Segmenting and growing open-source communities, Actuate/BIRT-style

Not all communities are created alike. Nor should they be, as Actuate shows.

One of open source's Achilles' heels is its lack of true outreach to end users. I'm not a developer. As such, I have very little influence over how OpenOffice, Linux and MySQL develop. I suppose I could request features, but how? And, more to the point, how do I derive maximum business value from the open-source projects that I use?

Actuate may have an answer to this quandary. Actuate just announced the rollout of an innovative open-source community, called BIRT Exchange, focused on open-source business intelligence. I talked with the team today and was impressed by this new community model.

Released in 2004 as a project on Eclipse, BIRT has steadily grown in importance and adoption with Eclipse. Actuate hopes that the BIRT Exchange will focus this adoption even further by improving the end-user community experience:

[As the demand for supported products and services based on Eclipse BIRT has grown,] BIRT Exchange fulfills this need by providing a dedicated site where developers can learn about support and services for Eclipse BIRT, download Actuate BIRT products and participate in the growing Eclipse BIRT ecosystem. Developers can share code and expertise with peers, helping to accelerate the flow of knowledge and information within the community.

Actuate

Despite Actuate's use of the word "developer," it became clear in my conversation with the Actuate team that the audience for BIRT exchange is actually much broader than command-line loving developers. Actuate is inviting end users to the BIRT party, giving them a place to share information beyond code that helps them derive benefit from BIRT. It's a place to be productive with BIRT, rather than to necessarily produce BIRT, if you see what I mean.

And while it's not yet a haven for techno-bozos like myself, it's a step in the right direction. Importantly, Actuate has ensured that this Exchange site is an additive to the Eclipse BIRT community, rather than a replacement for it. There are links back to Eclipse riddled throughout the BIRT Exchange experience, making it a place to use BIRT but referencing back to Eclipse, the place to develop BIRT.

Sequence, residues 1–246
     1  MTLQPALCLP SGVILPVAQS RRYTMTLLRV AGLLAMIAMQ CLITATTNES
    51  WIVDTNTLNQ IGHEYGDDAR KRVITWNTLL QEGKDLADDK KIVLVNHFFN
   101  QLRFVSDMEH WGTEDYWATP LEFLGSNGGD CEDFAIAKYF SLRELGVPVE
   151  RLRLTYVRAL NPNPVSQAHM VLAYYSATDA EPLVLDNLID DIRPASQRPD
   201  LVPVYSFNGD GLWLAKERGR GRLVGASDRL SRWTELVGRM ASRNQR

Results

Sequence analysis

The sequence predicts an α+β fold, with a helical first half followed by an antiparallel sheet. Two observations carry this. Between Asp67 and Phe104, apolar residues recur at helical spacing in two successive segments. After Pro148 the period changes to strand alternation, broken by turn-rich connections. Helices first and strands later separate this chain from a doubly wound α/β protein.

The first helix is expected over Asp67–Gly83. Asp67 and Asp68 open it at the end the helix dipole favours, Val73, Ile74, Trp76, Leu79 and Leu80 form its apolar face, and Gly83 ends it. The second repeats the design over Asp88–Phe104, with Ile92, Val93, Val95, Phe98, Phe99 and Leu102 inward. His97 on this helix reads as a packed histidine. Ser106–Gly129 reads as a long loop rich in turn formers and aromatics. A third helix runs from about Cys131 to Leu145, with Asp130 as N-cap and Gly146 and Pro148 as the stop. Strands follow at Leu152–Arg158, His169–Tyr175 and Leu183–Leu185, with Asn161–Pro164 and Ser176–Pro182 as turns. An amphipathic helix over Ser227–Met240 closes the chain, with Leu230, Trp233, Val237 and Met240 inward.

On the topic of Eclipse, I asked the Actuate team how integration into Eclipse has helped it as a company and BIRT as a project:

Part of the benefit comes from establishing a true community platform. We have contributions from IBM and Inetsoft, the latter of which is a competitor of ours. It's a BIRT community and not necessarily an Actuate community.

This is good and bad, perhaps, as many users of BIRT don't know that Actuate is behind it. On the positive side, Eclipse gives us tremendous access to a large community, reflected in part by one million downloads of the BIRT project in the first two years since its release.

As for the lack of credit for the work we've done, this is one reason that we have decided to establish this BIRT-focused community (BIRT Exchange). The Exchange provides a venue for the users of BIRT technology to share reports/technology/etc. so that their deployment of BIRT will be more efficient and productive for them. As an added benefit for us, it helps to establish Actuate as a center for deriving maximum value from BIRT for users of the system.

I find this fascinating. BIRT Exchange is unique in its focus on the users of BIRT, rather than developers, per se. This differs from other forge/exchange sites that tend to be developer-focused or, at best, mix the community of users and developers (often losing some of both groups in the process).

This is a community initiative worth watching.

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Tech Culture
About the author

    Matt Asay is chief operating officer at Canonical, the company behind the Ubuntu Linux operating system. Prior to Canonical, Matt was general manager of the Americas division and vice president of business development at Alfresco, an open-source applications company. Matt brings a decade of in-the-trenches open-source business and legal experience to The Open Road, with an emphasis on emerging open-source business strategies and opportunities. He is a member of the CNET Blog Network and is not an employee of CNET. You can follow Matt on Twitter @mjasay.

     

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